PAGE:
“The baggage that has overwhelmed her was accumulated in the 1990s, and this is one giant bag that she is carrying, lack of trust and credibility.” said University of Virginia political science professor, Larry Sabato.
So far four people have come forward to they remember Clinton belittling working-class voters at a Camp David retreat in 1995.
Three witnesses said they recall Clinton telling her then-president husband to disregard the white working-class Southerners who had helped Republicans gain control of Congress in the 1994 midterm election upset.
“Screw em” she said, according to Clinton supporter and respected political author Benjamin Barber. “you don’t owe them a thing, Bill.”
On Thursday another witness, Theda Skopcol, a Harvard political scientist wrote that she does not remember Hillary Clinton’s exact words, but considers the accounts of Barber and others credible. Barber took notes at the session and included the exchange in a book written years ago.
Skopcol wrote in an online column that during the retreat, “Hillary Clinton was among the most cold-blooded analysts in attendance. She spoke of ordinary workers as though they were a species apart, and showed interest only in the political usefulness of their choices - usefulness to the Clinton administration, that is.”
The Clinton campaign has staunchly denied the utterance of the “screw em” comment. Spokesman Phil Singer said in a conference call with reporters that it “differs from the recollections of other people who were in the room at the time that this comment was allegedly made”
Sabato who said that the comments were “too unflattering, too unpleasant” for Clinton to own up to, pointed out that Barber has been a Clinton supporter. “That’s what gives it credibility”, Sabato said, “I tend to believe Barber”.
A Washington Post-ABC poll released this week found that only 39 percent of respondents view Clinton as “honest and trustworthy“, down from 52 percent in 2006.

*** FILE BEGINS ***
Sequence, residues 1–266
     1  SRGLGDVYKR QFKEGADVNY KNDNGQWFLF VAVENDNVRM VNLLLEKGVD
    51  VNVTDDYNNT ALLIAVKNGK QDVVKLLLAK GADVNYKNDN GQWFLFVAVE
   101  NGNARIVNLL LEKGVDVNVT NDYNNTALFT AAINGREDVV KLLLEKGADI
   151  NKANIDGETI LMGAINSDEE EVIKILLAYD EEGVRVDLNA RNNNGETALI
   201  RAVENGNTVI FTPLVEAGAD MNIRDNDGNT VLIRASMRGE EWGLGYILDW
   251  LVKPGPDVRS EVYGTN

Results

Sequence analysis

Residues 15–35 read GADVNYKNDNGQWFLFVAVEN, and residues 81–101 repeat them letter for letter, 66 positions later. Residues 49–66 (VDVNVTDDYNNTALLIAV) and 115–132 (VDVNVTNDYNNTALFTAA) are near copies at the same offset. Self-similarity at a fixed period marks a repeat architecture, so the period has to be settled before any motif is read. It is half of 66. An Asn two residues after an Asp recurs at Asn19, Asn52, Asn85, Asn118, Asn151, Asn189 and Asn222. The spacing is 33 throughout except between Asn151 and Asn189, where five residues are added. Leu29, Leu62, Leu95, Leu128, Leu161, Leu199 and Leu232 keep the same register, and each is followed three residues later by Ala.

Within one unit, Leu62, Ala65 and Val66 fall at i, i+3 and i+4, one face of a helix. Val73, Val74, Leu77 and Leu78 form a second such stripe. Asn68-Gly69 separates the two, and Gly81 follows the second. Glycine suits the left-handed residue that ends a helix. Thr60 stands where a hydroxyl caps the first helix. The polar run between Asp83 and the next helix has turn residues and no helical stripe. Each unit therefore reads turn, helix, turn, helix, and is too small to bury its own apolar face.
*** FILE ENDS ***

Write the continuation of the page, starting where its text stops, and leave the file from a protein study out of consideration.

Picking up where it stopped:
Anonymous said...

For crying out loud! How many times have John and his map point on CNN that Obama will win this state because the black vote is high, ,We all know she isn't racist. LISTEN UP! PEOPLE ARE GETTING SICK OF THE WHINNERS WHO SCREAM RACIST AT ANY WORLD..BLACK..WHITE??RACIST! LIGHTEN UP.

George said...

It is amazing to me that when a black voter comments on remarks made by the Clintons, that they( the black voters) are whinning or crying! Truth be told we (African-Americans) have witnessed and experienced enough racism in this country to know when someone like Hillary Clinton, who has lied repeatedly on the campaign trail, is blowing smoke! I hope she wins so we can experience the same thing we have been experiencing for the last 8 years with George Bush!! Same old politics and bipartisanship that has ruined this country in the eyes of everyone around the world! She represents evrything that SEN. OBAMA is trying to change! Racism is on the rise and it is worst now because at least we saw it coming back then!! The hard working white class that she refers to so much doesn"t like to hear the truth because it hurts to know that they are so transparent! God help us all! The voters in this country overwhelmingly elected George Bush and look where we are now! And now they think Hillary is a BETTER CHOICE!! And you all don't think RACISM IS ALIVE AND KICKING! HAHAHAHA!